S = {3,6,3} forms something like the tiling of tO, which lets no apeirohedra, even though the tiling exists.

sH = s3s6s, forms something like x3x3o3o3z, a tiling of tetrahedra and truncated tetrahedra. All faces fall on apeirohedra, but you can not select a set of parallels that contain all vertices. It does not form a uniform laminate.

In this count, we ignore the wythoffs, the non-functional ones, and count the rest.

(u) 2 ( ) 16 Together, 2u+16.

Vertex Figures

All triangles tile the plane under the orbifold 2 2 2 2, such that there are through-lines that contain lines of one type (ie a or b or c).

The quadralaterals to form through-line tilings under 2 2 2 2 are parallelograms and trapezia. In the first case, it is as if were formed from two triangles, the second case alternates the two bases.

All of the quadralateral vertex-figures are of this type.

Code: Select all

       P    3     P    3                           P   P    P
    o------o--o------o--o--                     o----o----o----
     \    /    \    /    \  str = 3 or 4      Q |    |   xPoQx has
    --o--o------o--o------o--                   |    |   this form
     /    \    /    \    /                      o----o
    o------o--o------o--o----                     P

For triangles, the triangle can be placed on the apeirohedron so that they are assymetric. The example is the oct-tet tiling, whose continuation over the {3,6} is not a mirror image. This leads to the A and B laminates, ie LA2 and LB2.

Code: Select all

  \ //   \ //   \ //       \//    \//    \//
--o------o -----o----    --o------o------o--
  // \   // \   //\        /\\    /\\    /\\
       Normal (A form)      Reversed (B form)
     LA2 = {3,4,A}              LB2.

The polytopes mentioned above are all 'A' form, there are crossing apeirogons formed by the three kinds of edge. The B form is like LB2, the tiling with the close-pack vertices.

Laminate Polytopes

We now turn to laminates. One can cut along a series of apeirotopes, such that every vertex is exposed. The apeirotopes would need to be identical. Given such a set, one can create alternating layers as long as the etching is identical. That is, one can make a tiling of alternating triangular-prisms and oct-tet layers, etc.

Code: Select all

  \ //   \ //   \ //   A   \//    \//    \//    A
--o------o -----o----    --o------o------o--   
   |      |      |     P    |      |      |     P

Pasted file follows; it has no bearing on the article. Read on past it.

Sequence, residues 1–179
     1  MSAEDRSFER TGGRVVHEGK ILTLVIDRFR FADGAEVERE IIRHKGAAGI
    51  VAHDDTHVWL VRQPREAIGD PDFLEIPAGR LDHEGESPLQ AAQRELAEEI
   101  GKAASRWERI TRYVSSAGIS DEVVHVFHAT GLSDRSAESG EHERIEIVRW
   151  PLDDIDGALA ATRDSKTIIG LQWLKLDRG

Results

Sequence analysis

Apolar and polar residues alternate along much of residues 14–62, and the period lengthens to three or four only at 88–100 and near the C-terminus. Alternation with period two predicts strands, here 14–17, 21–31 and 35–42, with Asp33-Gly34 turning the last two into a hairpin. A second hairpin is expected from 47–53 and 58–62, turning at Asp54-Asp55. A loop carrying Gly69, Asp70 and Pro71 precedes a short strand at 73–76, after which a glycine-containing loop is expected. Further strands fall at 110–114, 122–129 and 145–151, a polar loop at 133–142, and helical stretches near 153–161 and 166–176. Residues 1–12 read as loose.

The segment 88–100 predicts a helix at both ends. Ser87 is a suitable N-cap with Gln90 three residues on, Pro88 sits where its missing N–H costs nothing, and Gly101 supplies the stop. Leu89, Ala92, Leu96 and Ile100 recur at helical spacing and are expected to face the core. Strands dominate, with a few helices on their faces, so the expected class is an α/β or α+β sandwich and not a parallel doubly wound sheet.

--o------o -----o----    --o------o------o--
  // \   // \   //\    A   /\\    /\\    /\\    Ar
      Normal (A form)      Reversed (B form)
           LPA2                  LPB2.

Here there are alternating layers of a symmetric form P, with a reversable set A, Ar. Note here that the A's must be equal, and the P's must be equal.

The number of Laminates

The following table shows all possible apeirohedra, along with the symmetric (f) and assymetric (h) tilings that support this kind of layer. There are five kinds of laminates, which have these numbers.

C LC2 f(f+1)/2 symmetric, excluding XX
A LA2 h(h-1)/2 normal assymetric, excluding XX
B LB2 h(h+1)/2 reversed assymetric, including XX'
PA LPA2 fh normal extended
PB LPB2 fh reversed extended.

The sum of the last four is h(h+2f).

We then list the various apeirohedra, which are p = xPoUo and P3 = o3xPoUo. These are lines variously of alternating 3,P and of simple P.

Code: Select all

   3.    P3   T  O   CO  ID
         tT  tC  tD  SH  tQ    45
   4.    C   CO  tO  Q   tQ    10
   4:    (Pp)   tCO tID tSH          39
   43.   A4  rCO                1
   5.    P5  D   ID  tI         6
   53.   A5  rID                1
   6.    P6  H   SH             3
   6:    tT  tO  tI tCO tID tSH      72
   63.   A6  rSH                1
   8.    P8                     0
   8:    tC tCO  tD                  15
  10.    P10                    0
  10:    tD  tID                      8
  12.    P12                    0
  12:    tH  tSH                      8
                              67    142  = 209

The above table gives the 'sundries'. Specifically, 39 is found with f=5, h=3, excludes the infinite families. When we put f=5,h=4, one gets 56, meaning that there are 17 classes of infinite laminates. This includes the reversed layering of (Pp) / (Pp), which we shall remove from here, to get 16 infinite families ie 16u.

The form Pp can alternate with Pq, both normal and reversed, which leads to two bi-infinite classes. So the total of laminates is

Primitives 2u + 16
Laminates 2u^2 + 16u + 209
Total 2u^2 + 18u + 225 or 245 separate entries.
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Re: New Uniform tilings in H3

Postby Marek14 » Tue Apr 28, 2015 12:29 am

Hm, an idea -- not uniform, as it contains nonuniform cells solids, but scalliform:

Imagine we start with a square tiling x4o4o. We know that this is isomorphic to rectified form o4x4o and with small rhombated form x4o4x. In hyperbolic space, this tiling exists on a horosphere.

How would a lace tower look?